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Letter from a Member of the National Revolution Tour 

Mass Farmers Protests and General Strike in India Mobilize Millions

Editors’ Note: We welcome contributions like this, and are looking forward to more of the same. Given the severity of the crisis in India with the farmers and the agrarian sector, we will be doing further coverage at This is part of much bigger changes around the world, with the workings and imperatives of the global system of capitalism-imperialism, and this beginning coverage/contribution will be followed by more.

In September 2020, three new laws affecting agriculture were pushed through Parliament in India, at the direction of the fascist regime headed by Modi and his Hindu-Nationalist Bharatiya Janata Party (BJP). This has set off a huge wave of protests.

Until now, certain government regulations affecting how large numbers of farmers sell their agricultural goods, the prices they get, and how produce is stored provided a section of farmers with a very limited measure of security. But now, in the name of reform, the Modi government is attempting to do away with even these limited protections.

The effect will be to subject farmers in India to an even greater onslaught by and competition from global capitalist agribusiness, with its immense financial resources, control of seeds and fertilizers, and ability to dominate markets. India's struggling farmers will be even more at the mercy of corporations and the anarchy of the global market. Increasing numbers of farmers will lose their land and face more desperate conditions.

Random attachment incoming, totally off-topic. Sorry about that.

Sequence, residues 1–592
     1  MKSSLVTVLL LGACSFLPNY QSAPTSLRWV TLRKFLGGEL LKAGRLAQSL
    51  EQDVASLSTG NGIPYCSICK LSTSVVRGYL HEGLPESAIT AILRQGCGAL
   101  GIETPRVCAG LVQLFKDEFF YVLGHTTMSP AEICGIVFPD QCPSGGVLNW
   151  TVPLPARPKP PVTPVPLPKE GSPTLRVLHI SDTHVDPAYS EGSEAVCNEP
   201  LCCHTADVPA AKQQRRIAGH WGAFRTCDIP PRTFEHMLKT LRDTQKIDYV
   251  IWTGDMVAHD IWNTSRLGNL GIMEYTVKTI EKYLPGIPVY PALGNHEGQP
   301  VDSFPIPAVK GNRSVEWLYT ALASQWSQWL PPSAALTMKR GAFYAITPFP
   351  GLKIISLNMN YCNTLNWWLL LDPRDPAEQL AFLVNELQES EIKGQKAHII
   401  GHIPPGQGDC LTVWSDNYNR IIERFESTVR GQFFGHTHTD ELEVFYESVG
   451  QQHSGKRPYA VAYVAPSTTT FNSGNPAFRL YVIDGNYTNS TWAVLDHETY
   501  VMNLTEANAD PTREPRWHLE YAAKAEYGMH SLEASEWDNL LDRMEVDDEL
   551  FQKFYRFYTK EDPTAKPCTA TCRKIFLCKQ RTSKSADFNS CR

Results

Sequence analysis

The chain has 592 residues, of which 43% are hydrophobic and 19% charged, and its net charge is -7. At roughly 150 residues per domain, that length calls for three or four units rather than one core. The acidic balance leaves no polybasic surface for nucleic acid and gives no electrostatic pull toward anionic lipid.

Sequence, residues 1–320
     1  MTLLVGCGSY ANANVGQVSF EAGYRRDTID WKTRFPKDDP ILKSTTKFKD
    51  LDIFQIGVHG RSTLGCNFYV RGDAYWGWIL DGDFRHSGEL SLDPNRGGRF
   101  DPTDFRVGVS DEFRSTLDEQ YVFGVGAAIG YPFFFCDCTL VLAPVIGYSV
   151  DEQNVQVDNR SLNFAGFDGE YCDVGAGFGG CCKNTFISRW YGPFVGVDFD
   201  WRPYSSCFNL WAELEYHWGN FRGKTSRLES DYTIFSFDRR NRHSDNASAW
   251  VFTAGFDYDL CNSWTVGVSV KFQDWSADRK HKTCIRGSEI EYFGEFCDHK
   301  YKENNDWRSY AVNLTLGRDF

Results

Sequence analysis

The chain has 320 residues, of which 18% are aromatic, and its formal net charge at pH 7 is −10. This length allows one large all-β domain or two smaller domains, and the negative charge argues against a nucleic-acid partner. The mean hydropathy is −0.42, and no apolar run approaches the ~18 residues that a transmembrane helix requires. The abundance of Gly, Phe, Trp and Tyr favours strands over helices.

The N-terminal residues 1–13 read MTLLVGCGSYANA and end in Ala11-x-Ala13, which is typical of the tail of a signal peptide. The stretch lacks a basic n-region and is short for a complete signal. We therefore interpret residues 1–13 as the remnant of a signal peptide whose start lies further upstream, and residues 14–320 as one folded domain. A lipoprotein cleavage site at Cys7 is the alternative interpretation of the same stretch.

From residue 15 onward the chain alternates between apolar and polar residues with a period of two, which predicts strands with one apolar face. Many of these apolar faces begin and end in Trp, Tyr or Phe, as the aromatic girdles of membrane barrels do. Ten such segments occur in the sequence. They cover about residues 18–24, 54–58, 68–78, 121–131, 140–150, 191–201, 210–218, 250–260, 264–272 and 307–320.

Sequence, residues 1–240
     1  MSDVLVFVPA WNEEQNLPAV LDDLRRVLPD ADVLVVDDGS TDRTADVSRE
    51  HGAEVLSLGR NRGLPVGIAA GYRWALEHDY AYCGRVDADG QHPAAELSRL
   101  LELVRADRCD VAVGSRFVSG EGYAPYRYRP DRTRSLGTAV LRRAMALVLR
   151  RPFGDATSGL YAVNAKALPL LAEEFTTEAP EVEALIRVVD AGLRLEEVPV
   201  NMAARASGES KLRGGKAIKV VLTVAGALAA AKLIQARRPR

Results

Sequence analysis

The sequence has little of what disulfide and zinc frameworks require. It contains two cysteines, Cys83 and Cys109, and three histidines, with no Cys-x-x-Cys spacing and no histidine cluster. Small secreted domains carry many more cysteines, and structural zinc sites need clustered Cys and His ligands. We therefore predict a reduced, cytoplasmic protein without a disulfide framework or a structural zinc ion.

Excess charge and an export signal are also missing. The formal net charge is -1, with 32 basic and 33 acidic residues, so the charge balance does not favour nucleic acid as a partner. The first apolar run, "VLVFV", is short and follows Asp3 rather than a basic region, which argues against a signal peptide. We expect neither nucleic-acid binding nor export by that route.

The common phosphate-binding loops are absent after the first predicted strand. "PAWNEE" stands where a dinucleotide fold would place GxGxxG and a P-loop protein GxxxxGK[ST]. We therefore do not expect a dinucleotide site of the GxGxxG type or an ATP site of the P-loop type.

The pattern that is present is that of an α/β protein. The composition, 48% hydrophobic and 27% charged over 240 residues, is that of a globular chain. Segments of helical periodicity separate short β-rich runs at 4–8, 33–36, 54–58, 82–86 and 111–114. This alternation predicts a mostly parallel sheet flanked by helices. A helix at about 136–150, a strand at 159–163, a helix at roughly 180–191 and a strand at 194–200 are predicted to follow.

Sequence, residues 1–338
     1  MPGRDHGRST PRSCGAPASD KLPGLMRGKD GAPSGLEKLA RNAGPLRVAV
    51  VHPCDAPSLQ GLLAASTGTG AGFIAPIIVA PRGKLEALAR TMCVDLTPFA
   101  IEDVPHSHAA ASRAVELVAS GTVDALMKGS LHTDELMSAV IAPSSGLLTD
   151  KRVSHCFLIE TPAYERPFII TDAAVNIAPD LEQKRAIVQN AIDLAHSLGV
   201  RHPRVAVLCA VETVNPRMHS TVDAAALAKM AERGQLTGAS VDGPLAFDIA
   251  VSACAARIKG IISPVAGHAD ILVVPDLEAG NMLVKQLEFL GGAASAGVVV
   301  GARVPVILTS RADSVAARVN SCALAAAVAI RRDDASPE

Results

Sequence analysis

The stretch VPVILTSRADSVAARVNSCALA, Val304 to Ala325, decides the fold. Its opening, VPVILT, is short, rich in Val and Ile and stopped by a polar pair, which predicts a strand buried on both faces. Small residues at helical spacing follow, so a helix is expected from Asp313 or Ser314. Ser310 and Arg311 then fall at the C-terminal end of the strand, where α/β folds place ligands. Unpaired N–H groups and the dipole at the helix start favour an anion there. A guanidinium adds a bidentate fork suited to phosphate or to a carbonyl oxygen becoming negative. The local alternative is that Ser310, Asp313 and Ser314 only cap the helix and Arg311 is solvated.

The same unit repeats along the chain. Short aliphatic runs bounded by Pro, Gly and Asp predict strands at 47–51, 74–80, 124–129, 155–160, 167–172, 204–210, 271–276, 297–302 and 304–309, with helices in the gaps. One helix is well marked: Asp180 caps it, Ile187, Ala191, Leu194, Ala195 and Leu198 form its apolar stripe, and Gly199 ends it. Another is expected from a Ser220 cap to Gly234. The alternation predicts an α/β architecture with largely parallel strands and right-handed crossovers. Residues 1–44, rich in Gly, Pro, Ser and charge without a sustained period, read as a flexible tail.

These so-called “reforms” will have especially devastating effects at this time—because many people have fled the cities on account of the COVID pandemic, returning to their traditional rural areas and working the land for survival.

The new laws strengthen the hand of large capitalists and corporations who want to invest and speculate in land. They will now have the ability to buy crops directly from farmers—where before, crops were sold through government-backed marketing agencies. This will put more pressure on farmers to sell at lower prices.

What is happening to agriculture in India is an expression of, and a product of, larger changes and transformations taking place in the world imperialist economy. This is the economy that dominates the lives of the nearly eight billion on the planet. Global imperialist agribusiness utilizes new biotechnologies to develop and patent seeds, pesticides, and fertilizers to increase efficiency and output and to increase monopolistic control over markets for these “inputs.” Farmers worldwide become more dependent. At the same time, capitalist and imperialist agribusiness increasingly dominates global markets with the power of pricing and loans, and establishes networks of contract farmers around the world. Small-scale, peasant-based subsistence agriculture—food produced for local household consumption—is being wiped out. Third World economies are “restructured” and “reformed” to meet the needs of imperialism: producing “nontraditional” fruit and vegetables for export, “luxury” foods for high-income consumption. Large-scale industrialized  farming—from Brazilian beef to Southeast Asian “shrimp farming”—takes hold. And imperialist agribusiness is engaged in vast profit-driven, land-grabbing investments in the oppressed countries.